Education and training
The days of criminals dumping large amounts of cash on bank counters should be over as they have become more aware of Credit Institutions anti money laundering measures. Likewise, showing the Irish Banking Federation Money Laundering video to new recruits is not enough. For example, Barclays has developed an interactive PC based money laundering programme, including a tutorial, which is required to be completed every 6 months by staff.

Examples of recent trends in money laundering
• The use of other persons accounts by the principal offender;
• The use of established businesses which are cash based such as pubs, shops, garages and bookmakers;
• The deposit of monies in accounts in other countries;
• Large scale regular betting, including internet gambling;
• Property remains both a vehicle for laundering and a place to invest laundered funds;
• Winning lottery tickets being sold for a sum above their nominal value;
• Schemes that involve trafficking in new or used vehicles;
• ‘VAT carrousel fraud’ - taking advantage of differences in VAT rates between EU member states;

Increased awareness of money laundering by credit institutions
There has been a significant increase in the number of suspicious transactions reported to the Irish Authorities; 200 in 1995, 1400 in 1999 and approx. 1800 in 2000. While some of this increase may be due to an increase in money laundering itself, the main reason is probably due to a greater understanding and awareness of the money laundering risk by Credit Institutions in Ireland.

Non financial business
The tightening of controls in Credit Institutions is prompting criminals to seek alternative methods for disguising the origin of their funds i.e. the increased use of non financial businesses. To counter this risk, the impending EU Directive on Money Laundering requires member states to make auditors, external accountants, tax advisors, auctioneers / estate agents, the legal profession and dealers in high value goods subject to the same requirements as Credit Institutions. Also to dispel any doubts, ‘bureau de change’ and money remittance offices will be subject to the legislation. However, it would appear that Company Formation Agents are not included, even though they were recognised by FATF as a factor in an increasing number of complex money laundering schemes.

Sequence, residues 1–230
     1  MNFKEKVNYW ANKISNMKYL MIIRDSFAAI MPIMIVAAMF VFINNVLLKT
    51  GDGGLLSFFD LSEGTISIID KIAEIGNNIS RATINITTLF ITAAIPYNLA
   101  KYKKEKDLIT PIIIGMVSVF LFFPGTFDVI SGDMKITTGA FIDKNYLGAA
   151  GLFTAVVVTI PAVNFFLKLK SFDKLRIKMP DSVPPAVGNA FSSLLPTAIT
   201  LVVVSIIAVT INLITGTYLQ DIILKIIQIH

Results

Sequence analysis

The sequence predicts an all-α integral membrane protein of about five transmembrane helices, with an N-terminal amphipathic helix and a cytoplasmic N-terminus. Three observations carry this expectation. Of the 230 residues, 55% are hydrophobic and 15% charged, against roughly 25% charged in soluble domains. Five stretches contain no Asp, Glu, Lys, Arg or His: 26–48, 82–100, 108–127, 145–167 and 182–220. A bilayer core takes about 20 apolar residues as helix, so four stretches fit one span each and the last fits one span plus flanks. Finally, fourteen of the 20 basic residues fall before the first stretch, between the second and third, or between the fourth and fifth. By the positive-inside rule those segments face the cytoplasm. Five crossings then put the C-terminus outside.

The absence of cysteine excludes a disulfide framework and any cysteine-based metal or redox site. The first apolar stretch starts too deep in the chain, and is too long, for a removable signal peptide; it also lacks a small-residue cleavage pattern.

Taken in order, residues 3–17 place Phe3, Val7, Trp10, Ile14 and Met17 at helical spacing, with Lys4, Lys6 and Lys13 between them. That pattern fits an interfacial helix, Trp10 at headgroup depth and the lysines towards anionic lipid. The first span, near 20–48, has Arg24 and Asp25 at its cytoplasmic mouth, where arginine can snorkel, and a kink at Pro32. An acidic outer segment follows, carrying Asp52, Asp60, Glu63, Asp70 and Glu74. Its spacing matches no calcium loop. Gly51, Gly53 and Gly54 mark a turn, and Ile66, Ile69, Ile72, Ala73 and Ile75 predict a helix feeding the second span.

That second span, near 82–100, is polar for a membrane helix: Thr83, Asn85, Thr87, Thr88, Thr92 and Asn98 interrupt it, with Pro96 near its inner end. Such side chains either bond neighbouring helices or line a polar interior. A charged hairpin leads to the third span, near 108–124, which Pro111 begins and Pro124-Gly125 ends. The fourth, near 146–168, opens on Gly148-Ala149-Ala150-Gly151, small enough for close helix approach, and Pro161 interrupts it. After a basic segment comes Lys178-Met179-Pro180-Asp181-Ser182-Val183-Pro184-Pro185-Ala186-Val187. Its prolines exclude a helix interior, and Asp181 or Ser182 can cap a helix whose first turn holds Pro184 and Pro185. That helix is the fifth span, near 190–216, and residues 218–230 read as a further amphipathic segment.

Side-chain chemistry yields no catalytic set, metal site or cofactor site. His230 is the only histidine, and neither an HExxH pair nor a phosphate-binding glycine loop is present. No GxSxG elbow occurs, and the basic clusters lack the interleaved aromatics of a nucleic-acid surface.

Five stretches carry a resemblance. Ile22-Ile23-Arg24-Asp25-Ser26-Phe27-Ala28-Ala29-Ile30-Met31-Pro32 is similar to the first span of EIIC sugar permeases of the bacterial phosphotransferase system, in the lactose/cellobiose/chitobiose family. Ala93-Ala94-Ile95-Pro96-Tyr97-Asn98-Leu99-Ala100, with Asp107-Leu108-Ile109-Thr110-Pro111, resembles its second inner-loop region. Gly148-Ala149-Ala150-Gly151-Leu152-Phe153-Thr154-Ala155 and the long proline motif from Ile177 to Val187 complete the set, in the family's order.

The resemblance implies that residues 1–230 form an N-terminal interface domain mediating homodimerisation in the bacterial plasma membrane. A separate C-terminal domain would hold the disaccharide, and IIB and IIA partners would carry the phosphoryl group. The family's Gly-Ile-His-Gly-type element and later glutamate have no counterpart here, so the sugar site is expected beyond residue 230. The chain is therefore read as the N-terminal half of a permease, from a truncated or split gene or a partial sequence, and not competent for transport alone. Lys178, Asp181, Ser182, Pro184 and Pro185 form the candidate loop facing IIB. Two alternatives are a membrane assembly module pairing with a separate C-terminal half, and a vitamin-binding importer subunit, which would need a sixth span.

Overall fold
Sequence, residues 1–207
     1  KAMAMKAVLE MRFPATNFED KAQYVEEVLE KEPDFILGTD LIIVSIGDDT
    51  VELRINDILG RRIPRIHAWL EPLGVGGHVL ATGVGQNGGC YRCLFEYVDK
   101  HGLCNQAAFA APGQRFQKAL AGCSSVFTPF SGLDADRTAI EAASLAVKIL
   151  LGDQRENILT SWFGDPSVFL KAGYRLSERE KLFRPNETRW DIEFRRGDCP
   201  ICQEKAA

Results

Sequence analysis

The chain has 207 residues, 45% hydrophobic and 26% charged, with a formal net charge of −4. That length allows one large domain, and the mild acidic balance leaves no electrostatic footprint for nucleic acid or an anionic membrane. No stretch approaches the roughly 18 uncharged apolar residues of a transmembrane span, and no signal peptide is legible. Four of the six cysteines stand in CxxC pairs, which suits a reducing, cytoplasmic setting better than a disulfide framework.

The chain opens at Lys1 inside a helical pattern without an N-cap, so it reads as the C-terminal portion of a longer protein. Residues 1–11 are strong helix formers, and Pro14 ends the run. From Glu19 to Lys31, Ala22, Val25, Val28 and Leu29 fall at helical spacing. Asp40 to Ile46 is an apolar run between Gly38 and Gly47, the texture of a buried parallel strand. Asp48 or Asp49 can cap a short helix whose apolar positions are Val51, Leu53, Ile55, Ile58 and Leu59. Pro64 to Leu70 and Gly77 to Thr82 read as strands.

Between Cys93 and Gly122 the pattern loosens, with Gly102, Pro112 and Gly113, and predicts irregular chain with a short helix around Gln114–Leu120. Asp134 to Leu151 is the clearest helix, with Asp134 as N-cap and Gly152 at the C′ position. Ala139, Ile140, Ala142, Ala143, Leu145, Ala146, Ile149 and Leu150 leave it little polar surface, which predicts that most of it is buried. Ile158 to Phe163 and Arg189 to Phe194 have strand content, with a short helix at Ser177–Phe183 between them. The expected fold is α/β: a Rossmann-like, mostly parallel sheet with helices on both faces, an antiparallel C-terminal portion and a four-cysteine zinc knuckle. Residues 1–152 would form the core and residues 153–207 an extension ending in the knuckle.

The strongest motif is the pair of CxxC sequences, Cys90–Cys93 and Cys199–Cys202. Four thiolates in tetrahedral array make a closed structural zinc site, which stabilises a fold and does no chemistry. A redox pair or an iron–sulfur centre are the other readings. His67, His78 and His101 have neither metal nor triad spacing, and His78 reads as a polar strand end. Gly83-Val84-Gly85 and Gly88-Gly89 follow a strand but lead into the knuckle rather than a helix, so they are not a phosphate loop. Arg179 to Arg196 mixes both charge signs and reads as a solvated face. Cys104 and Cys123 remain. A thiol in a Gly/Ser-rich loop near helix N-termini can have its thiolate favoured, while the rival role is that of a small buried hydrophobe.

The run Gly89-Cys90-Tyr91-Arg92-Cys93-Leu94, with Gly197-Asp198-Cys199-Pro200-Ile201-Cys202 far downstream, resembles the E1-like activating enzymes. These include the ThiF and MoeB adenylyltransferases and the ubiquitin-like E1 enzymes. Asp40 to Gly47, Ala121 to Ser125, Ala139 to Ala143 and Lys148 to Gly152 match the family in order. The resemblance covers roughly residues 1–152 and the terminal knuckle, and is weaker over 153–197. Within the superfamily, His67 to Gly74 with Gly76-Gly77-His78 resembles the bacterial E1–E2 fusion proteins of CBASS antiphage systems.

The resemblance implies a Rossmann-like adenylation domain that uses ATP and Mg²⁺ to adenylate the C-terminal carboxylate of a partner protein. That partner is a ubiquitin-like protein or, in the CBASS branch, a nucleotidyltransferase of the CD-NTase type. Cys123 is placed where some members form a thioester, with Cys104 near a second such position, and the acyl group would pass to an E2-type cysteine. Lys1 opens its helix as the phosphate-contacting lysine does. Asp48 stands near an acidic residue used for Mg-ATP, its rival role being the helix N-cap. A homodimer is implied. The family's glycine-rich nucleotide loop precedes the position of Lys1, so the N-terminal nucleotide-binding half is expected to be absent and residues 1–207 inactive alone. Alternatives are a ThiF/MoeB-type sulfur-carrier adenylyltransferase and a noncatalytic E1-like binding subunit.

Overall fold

Irish registered non resident (IRNR) companies
The money laundering problems posed by having IRNR companies should hopefully be a thing of the past due to two recent measures. Firstly, Irish registered companies are now considered to be tax resident. Secondly, from April 2001, all Irish registered companies must have either an Irish resident director, a ?20,000 bond from a Bank or a certificate from the Revenue Commissioners saying that the company’s activities have a real link with the state.

Non-cooperative countries
The FATF completed a review in June 2000 to identify non-cooperative countries and recommended that financial institutions should give ‘special attention’ to business relations and transactions from 15 jurisdictions. The objective of the exercise was to counteract what is known as ‘Regulatory Arbitrage’ where the criminal exploits weaknesses in other jurisdictions to continue their activities.

Financial Institutions have a responsibility to know their customer, know where the money in their accounts comes from, where it goes, and when they are suspicious to report it. The negative publicity of becoming involved with a money laundering scandal can damage an institutions reputation. At the end of the day, good compliance is good business.